FNM Deputy Leader Peter Turnquest.
By KHRISNA VIRGIL
Deputy Chief Reporter
FREE National Movement Deputy Leader Peter Turnquest said should the FNM be elected to office following the 2017 general election, the party would “definitely” review the benefits attached to Bahamas Junkanoo Carnival.
While he did not specifically say that the FNM would cancel the event, he told The Tribune that as it stands, the evidence of its success “doesn’t seem to lend itself to further support” from the FNM.
He further questioned how much less did the government spend on the second instalment of Bahamas Junkanoo Carnival, while insisting that the country could not afford to continue to waste millions of taxpayer dollars on an event that does not support the continuity of the Bahamas’ cultural identity. The event was held more three months ago from May 5 to 7 in Nassau and in Grand Bahama from April 15-16.
The East Grand Bahama MP was responding to Tourism Minister Obie Wilchcombe who confirmed to The Tribune on Sunday that the government spent “much less” on this year’s event. However, he declined to reveal whether the annual festival, in its second year, managed to “break even”.
Mr Turnquest asked: “How much is less and does it matter? Did we make money or did we piss away millions again?”
“How long does it take to produce one report? Carnival was held more than three months ago, which also brings me to ask where is the previous one and why hasn’t it been released?
“At the end of the day either they are trying to massage the numbers to make it appear to be something else or they aren’t equipped to do one report. Just present the report.”
Asked whether the FNM would move to cancel carnival festivities should the party defeat the governing Progressive Liberal Party in 2017, Mr Turnquest said the party is on record as saying they would only support culturally rich initiatives.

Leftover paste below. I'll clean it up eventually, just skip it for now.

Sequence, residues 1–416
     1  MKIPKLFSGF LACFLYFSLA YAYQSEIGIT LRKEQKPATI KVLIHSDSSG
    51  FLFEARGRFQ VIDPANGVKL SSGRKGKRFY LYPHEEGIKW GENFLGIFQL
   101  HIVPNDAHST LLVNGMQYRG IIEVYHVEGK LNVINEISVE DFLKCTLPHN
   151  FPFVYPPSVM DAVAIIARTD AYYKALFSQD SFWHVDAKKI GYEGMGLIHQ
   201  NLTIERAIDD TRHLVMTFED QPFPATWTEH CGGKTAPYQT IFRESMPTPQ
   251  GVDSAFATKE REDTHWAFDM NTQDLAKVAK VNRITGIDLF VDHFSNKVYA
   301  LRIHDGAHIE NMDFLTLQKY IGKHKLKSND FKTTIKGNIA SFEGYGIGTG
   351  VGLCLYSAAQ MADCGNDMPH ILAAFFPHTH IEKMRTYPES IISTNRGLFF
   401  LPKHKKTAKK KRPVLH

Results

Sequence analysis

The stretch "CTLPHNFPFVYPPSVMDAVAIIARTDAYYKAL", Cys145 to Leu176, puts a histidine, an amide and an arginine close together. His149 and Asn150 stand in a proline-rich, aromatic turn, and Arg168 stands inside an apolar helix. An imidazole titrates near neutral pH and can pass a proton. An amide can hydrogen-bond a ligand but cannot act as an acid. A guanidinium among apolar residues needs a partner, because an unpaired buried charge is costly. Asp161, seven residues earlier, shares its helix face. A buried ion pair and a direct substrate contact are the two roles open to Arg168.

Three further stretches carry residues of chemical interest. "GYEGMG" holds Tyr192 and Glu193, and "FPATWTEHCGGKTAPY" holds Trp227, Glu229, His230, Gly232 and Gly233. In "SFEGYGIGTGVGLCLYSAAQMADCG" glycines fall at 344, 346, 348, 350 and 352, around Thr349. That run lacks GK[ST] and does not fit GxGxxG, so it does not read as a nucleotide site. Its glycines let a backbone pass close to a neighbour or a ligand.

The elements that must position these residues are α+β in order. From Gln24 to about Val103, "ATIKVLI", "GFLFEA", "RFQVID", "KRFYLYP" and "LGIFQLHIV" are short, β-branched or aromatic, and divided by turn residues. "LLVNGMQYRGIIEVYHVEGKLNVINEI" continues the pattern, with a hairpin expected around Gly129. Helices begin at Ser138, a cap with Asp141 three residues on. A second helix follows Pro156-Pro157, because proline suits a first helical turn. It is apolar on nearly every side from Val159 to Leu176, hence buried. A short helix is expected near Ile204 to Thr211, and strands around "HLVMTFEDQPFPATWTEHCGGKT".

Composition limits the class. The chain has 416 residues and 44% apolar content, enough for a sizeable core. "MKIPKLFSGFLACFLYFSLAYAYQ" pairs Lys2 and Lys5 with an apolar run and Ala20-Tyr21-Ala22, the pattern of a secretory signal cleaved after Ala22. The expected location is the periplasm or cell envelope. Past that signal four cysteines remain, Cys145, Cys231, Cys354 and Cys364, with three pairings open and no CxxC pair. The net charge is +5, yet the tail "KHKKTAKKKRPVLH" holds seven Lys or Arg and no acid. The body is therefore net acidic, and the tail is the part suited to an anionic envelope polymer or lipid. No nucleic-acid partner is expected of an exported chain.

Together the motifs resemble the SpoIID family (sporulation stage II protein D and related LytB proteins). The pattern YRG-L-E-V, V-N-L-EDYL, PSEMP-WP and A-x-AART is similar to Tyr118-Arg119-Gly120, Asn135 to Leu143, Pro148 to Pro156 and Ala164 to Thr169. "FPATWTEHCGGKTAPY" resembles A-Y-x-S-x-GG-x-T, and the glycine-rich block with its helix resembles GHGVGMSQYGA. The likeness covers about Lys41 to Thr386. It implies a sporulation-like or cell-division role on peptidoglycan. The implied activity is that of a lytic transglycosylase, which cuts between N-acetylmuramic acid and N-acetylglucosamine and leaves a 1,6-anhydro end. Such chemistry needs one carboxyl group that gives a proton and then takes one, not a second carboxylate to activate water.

“We will definitely look at whether it was a lucrative exercise culturally and economically. So far the evidence doesn’t seem to be lending itself to further support from us. But certainly we would support a culturally rich festival.”
In an interview with The Tribune on Sunday, Mr Wilchcombe pushed back against concerns that the government was trying to bury the event’s economic impact report, which was completed last month, but has not been released.
According to the minister, the Bahamas National Festival Commission (BNFC) has already briefed Prime Minister Perry Christie on the report. He explained that officials were still putting the finishing touches on their presentation to the media.
“We can’t bury a report,” he said, “it will not be buried. It did much better than last year in terms of the production - we maintained the same high quality production.
“We spent much less than we did last year. I’m not going to get into all of that because it should really come from the commission and it would be against protocol.”
Mr Wilchcombe added: “They want to ensure that all the t’s are crossed and i’s dotted. They have briefed the prime minister, myself and the minister responsible for sports. They intend to make a formal presentation to the media, and it’s very detailed and so they want to make sure all questions can be answered because there was so much involved, all the entertainers, logistics.
“It is absolutely not being buried.”
Last year, the BNFC released its report on July 28 – just under three months since the Nassau festival closed on May 9.
The government spent $11.3 million - $2.3 million over budget - on the inaugural festival, which attracted about 115,000 spectators or participants, employed 7,208 people and benefited 880 small and medium enterprises.
It “gained” $8.3 million in combined direct and tax revenues, with the latter providing $6.7 million of that sum. The direct revenue, which totalled $1.6 million, largely came from ticket sales and cash sponsorships, organisers said.